I know we have all said it at one time or another, usually after a shockingly hard day out in the trenches of the real world, that it would be great to live in a scripted TV program (this excludes reality programs clearly since they are so, well, real). All your problems are solved reasonably quickly, amenities are freely available, and are luxuriously appointed no matter your income, and you speak with witty, pithy dialogues that belies how tired/depressed/exhausted you feel.
Clearly it doesn’t hold true for all TV programs – I have no desire to pack up my bags and move to The Wire, Breaking Bad or True Blood, all brilliantly put together shows but far better to watch than be a part of I’m thinking – but there are more than enough programs where life is charmed, the bars are warm and convivial and the friends freely available.
So what would be so good about living in a TV show? How different would your life be? Here’s a few things that occurred to me on a flight back from my parents today where I was crammed like a sardine into the salubrious surrounds of economy:
Now it’s entirely possible that everyone flies business class in TV Land, but given that many shows feature middle class families with a bustling brood of kids, it’s straining the bounds of credulity, even for the fluid lifestyle parameters of the shows, to expect everyone to fly business class.
So clearly there’s some magical airline out there that flies extremely wide aircraft, with free food and drink on tap (not a budget airline to be seen!), pretty much direct to anywhere you want to fly… and usually in just the right amount of time to, so you don’t miss any important life events.
EXAMPLE: In the episode “Dude Ranch”, the extended Modern Family clan set out for a holiday in the relatively tamed wilds of Colorado, in an aircraft the size of Texas that appears to take them straight to their destination.
I want to fly on that airline. ALL THE TIME.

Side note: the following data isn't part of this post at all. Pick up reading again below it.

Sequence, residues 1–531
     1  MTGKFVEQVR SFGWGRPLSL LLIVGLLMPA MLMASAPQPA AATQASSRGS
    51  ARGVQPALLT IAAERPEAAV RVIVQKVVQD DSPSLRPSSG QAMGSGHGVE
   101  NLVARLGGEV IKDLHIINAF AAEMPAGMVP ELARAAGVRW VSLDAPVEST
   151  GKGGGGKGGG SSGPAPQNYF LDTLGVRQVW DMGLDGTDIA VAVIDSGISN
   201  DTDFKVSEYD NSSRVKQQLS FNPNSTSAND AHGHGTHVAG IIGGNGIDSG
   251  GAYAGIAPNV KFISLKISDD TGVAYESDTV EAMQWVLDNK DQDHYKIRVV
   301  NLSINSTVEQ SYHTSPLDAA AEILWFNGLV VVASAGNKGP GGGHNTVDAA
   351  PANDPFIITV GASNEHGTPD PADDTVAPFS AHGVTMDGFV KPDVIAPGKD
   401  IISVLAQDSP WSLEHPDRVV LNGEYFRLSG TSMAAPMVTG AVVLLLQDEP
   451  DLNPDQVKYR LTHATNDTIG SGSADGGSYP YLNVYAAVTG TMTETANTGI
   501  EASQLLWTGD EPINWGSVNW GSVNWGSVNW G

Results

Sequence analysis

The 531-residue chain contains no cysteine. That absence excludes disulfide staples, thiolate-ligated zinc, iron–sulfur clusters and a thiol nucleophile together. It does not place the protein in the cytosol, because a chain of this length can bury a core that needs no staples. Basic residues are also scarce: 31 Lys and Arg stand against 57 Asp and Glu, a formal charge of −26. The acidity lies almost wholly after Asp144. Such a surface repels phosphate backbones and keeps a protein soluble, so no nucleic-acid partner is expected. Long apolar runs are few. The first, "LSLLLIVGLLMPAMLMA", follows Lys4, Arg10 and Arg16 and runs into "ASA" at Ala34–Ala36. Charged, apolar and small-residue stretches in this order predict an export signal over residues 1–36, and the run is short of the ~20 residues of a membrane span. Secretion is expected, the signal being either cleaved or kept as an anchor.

PARKING WHERE YOU NEED IT
With the exception of shows set in New York City, where people are occasionally shown catching the subway, most people drive everywhere in TV Land. Leaving aside the obviously deleterious environmental side effects, this leads to a headache for any scriptwriter which is how do you keep the story hum-humming along when the character is circling the block repeatedly looking for spot to park their car?
Why this is no problem at all since in every TV show I can remember, there is usually a prime parking spot right outside the store/office building/villain’s lair waiting just for you, that no one else has even thought of parking in. If you think it, it will be there it seems. It doesn’t work in the real world so I am guessing TV Land is the place to be if you want to park somewhere easily on time every time.
EXAMPLE: There are multiples but my favourite is the classic Get Smart where Max, in one of the very few flawless acts of his spying career, drives right into the spot he needs right outside, and I am talking right outside, the building where the secret phone booth entrance to CONTROL is located.
Oh to be able to park like that no matter where I was going!
ALL PROBLEMS SOLVED
It’s true that, especially in the dramas, that not all problems experienced in TV Land are solved quickly and easily. But for the most part, that’s exactly what happens. No matter how fierce the falling out, or incendiary the argument, a small amount of time later the characters have usually worked it out, restored the relationship, if not back to what it was, then close enough to be workable, and closure, of the kind dreamt of by psychology majors the world over, has been obtained.
It’s all neat, linear, and not interrupted by relapses back into acrimony unless of course that serves the plot in which case let the hostilities begin anew. But generally arguments are over and done with in no time flat – if you’re lucky enough to be in a sitcom, so quickly you barely register that they have happened -and everyone moves on with the rest of their lives, relational harmony restored.